It’s true, I’ve been putting off this post.  In fact, for the last three days, I’ve sat with just that first sentence blinking at me from an otherwise blank document.  It has seemed lately like tying up one loose end just makes another.  The wiki and research narrative have especially been hard to call finished.  But it’s time to stop dragging my feet, and to take a stab at summing up my summer research project.

To recap starting from the beginning: the trip to Nicaragua was a resounding success, due to the kind support from the folks behind Chappell, the resilient team members who kept us rolling in country, and especially my amazing translator Gabi, who climbed up and slid down every mountain with me in search of interviews.

Processing the data was a lengthy job involving many curse words directed at SPSS, but finally, I ran tests and illustrated conclusions in a format that will be accessible and useful to the MANOS team.  I have no doubt that the information gathered about communication from this project, especially in relation to gender and geography, will inform the trajectory and tone of the team’s research in the years to come.  For example, the correlation discovered between geography and someone in a household holding an official position (representative to the municipal government, religious leader, health worker, etc.) had a .000 significance coefficient (meaning there the probability that the existing relationship between the two variables is due to chance is .000), which illustrates a strong relationship between the two variables that team members will need to keep in mind when trying to ensure communications reach both leaders and those on the outskirts of the community.  Working on these data also provided an important opportunity to learn more about conducting social science research from Dr. Aday, who pushed me to think about research questions in a more systematic and thorough way, while never settling for my “computer magic” and “some kind of math-iness” explanations.

The social network analysis also pushed me to new research limits.  I learned how to run several new tests, explored current use of SNA techniques in the literature, and gained a deeper understanding of how to use SNA as a tool to understand real world social structures.  Some examples of this tool can be applied practically to a project would be how the network analysis can help identify which community members are perceived as potential leaders for future projects, and which might best act as ‘bridges’ to enhance communication with isolated family groups.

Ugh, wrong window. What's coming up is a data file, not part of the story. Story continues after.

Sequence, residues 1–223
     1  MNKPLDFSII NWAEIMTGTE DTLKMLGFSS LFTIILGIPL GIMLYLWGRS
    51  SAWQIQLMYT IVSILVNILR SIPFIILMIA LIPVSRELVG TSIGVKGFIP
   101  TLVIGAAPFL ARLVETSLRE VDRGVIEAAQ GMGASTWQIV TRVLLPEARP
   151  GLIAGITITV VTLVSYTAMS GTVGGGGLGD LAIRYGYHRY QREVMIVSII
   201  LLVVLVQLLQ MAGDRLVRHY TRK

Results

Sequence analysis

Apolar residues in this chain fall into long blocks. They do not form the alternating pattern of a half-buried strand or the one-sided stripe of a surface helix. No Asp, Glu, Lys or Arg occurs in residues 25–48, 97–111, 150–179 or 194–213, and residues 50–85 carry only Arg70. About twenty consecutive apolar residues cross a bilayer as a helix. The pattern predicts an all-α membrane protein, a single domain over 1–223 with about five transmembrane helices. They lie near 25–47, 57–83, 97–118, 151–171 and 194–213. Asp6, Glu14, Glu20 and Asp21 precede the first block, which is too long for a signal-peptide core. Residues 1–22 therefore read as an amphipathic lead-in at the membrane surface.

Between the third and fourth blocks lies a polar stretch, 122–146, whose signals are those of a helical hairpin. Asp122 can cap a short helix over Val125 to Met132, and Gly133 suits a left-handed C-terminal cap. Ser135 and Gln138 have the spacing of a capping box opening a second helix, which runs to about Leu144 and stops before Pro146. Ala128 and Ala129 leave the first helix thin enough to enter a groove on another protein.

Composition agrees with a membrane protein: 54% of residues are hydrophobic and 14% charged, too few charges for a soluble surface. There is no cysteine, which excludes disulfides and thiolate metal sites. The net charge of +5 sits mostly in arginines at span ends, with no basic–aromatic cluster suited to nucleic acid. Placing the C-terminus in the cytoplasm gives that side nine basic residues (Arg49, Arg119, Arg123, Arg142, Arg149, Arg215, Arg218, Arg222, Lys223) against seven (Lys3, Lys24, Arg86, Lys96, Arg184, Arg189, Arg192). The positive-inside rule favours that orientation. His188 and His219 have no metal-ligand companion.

Both the research narrative and the wiki, projects that are still in motion, have already made the transfer of information throughout the team easier.  The research narrative now collects interview schedules, data tables, and analyzed results from the last 4 years in one place, with a cohesive story to give context to all the names and numbers.  Just in putting the narrative together, I learned more about past trips than from any other technique or setting.  I’m sure that just as soon as the last few links get added into the narrative and posted on the wiki, it will begin to help educate new members against the mistakes of our past.

Overall, this summer research experience has been more valuable than I could have anticipated.  I know I’ve learned not only about communication in Cuje, but also about social science research methods and the larger techniques of research in general.  Bringing this knowledge back to the team (with the help of the wiki!) has also clarified the true end goal of this entire process.  Now MANOS is just a little bit wiser and that much closer to implementing a community-sustained health project in Cuje.